Many people scoff at the practice of Witchcraft. “It’s a scam! A fantasy! it’s not real!”Or so they will tell you. Probe a little deeper into conversation, and they’ll paint a picture of magic and spells that comes from fictional books and Hollywood.
No wonder they scoff at it. I’d scoff, too, if someone told me they could kill someone in an instant with a butchered Latin phrase and piece of wood.
And yet, these are the silly things skeptics are ask me to produce- these fictional feats that even I don’t believe in- and then they tell me that my Witchcraft is fake when I can’t fulfill their fictional fantasies? Come again?
People who practice Witchcraft don’t do anything remotely like you find in Harry Potter or Charmed. We don’t believe we can fly, or that we can shoot lightening bolts with our fingertips, or that we can have all of our worldly desires delivered to us by uttering some clever rhyme by candle light. Of course those things are fiction.
Imagine how confusing it is, from my standpoint, to be told that something I do doesn’t work because I can’t prove something I myself don’t even believe in. I will try to put it into a scenario that you can relate to. Consider this little skit:
Skeptic: Rabbits aren’t real. They don’t exist.
Me: Sure they do. I’ve seen rabbits. I’ve touched rabbits.
Skeptic: Oh yeah? Prove it. Show me the Easter Bunny.
Me: I… huh? (blink blink blink).
Skeptic: The Easter Bunny! If rabbits are real, show me the Easter Bunny right now!
Me: But rabbits… well, they’re not like that… you see…
Skeptic: HA! I just KNEW you couldn’t do it! See? I told you- you’re full of malarkey!
Me: (just shaking my head, at a loss for words) But that’s not even what it’s about.
Skeptic: You have no proof for the Easter Bunny so your belief in rabbits is delusional. End of discussion.
Trite? Yes. But that’s pretty much how the conversation feels from my end of it.
The biggest problem is that words are arbitrary, and what the word “Witchcraft” means to one person is not the same thing that it means to another person. I know what skeptics mean when they say Witchcraft. When they’re talking about proof of Witchcraft, they’re looking for proof of outrageous claims. I know it’s not what I mean. Unfortunately, they think they know what I mean when I say Witchcraft… but then, when they describe the kinds of things I don’t do or don’t believe in, I can see that they generally don’t get my meaning.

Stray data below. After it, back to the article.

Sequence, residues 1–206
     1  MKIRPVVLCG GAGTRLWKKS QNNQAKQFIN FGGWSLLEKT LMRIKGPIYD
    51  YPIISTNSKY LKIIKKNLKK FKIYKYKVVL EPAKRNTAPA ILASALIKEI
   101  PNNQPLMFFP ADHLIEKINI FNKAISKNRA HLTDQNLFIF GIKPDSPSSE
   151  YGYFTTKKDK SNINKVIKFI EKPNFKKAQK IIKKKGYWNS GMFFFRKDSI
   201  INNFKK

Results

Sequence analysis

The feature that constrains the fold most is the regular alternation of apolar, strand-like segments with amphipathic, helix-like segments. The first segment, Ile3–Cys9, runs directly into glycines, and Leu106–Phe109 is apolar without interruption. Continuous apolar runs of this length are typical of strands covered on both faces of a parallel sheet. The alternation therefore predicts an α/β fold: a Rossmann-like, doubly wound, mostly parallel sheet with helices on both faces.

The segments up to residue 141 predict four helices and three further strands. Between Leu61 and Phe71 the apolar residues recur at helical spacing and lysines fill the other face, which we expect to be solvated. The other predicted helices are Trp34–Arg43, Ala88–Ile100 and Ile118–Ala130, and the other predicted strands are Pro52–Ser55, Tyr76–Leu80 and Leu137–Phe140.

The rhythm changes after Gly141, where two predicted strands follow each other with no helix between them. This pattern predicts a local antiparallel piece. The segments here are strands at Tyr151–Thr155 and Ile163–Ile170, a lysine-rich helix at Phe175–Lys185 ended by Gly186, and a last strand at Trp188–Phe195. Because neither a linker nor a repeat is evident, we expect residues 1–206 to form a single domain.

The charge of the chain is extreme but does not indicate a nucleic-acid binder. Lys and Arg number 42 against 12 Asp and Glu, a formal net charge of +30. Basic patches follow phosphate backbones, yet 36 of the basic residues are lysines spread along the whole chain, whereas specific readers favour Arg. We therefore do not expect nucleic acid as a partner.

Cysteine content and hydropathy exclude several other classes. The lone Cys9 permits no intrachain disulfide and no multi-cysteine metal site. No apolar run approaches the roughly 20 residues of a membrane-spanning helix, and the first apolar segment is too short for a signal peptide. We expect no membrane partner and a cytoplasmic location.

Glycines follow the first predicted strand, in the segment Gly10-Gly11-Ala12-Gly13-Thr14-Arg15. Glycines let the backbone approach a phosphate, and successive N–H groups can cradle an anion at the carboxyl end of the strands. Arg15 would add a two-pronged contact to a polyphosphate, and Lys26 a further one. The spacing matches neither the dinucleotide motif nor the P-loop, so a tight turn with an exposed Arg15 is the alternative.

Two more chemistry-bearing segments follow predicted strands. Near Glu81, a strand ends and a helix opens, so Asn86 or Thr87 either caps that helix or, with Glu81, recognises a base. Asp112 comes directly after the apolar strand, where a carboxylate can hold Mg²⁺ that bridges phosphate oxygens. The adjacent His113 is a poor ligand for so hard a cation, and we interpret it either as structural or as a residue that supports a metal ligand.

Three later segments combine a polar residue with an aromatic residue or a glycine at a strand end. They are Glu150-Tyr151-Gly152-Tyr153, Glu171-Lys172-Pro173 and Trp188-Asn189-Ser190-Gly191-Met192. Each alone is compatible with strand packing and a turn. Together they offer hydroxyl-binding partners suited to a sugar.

I’m not one to argue. I’ve been a Witch too long and I’m not out to convert. I know what I do; that is satisfying enough for me. I know from experience Witchcraft is real, and I can explain it to anyone willing to put images like “the Wicked Witch of the West” out of their heads and listen to a realistic view of the Craft from a practitioner’s point of view.
Much of Witchcraft is actually deeply rooted in nature and science, particularly in psychology. You don’t have to believe in the supernatural; there is enough reality in Witchcraft to see it has some merit. There is some basis in fact when it comes to potions, incense, drumming, chanting, candles and runes. Consider the following:
Herbs: Witches have long used herbs to heal, to make potions, etc., and no one actually doubts any more how herbs effect the body. We understand now the biochemistry involved in making herbs into medicine, or using them as mind- or mood-altering drugs.
Scents: Even if you don’t agree with the field of aromatherapy that just sniffing an oil can cure a disease (I don’t), you cannot deny that scents are one of the most powerful ways to evoke memory and alter mood. Catch a whiff of an ex-lover’s perfume and you may have feelings of love and lust (or revulsion, depending on how you feel about the person) well up. Smell your favorite food and if you might find yourself salivating. The smell of grandma’s cookies baking and you can be taken back to your childhood, overcome with a sense of nostalgia.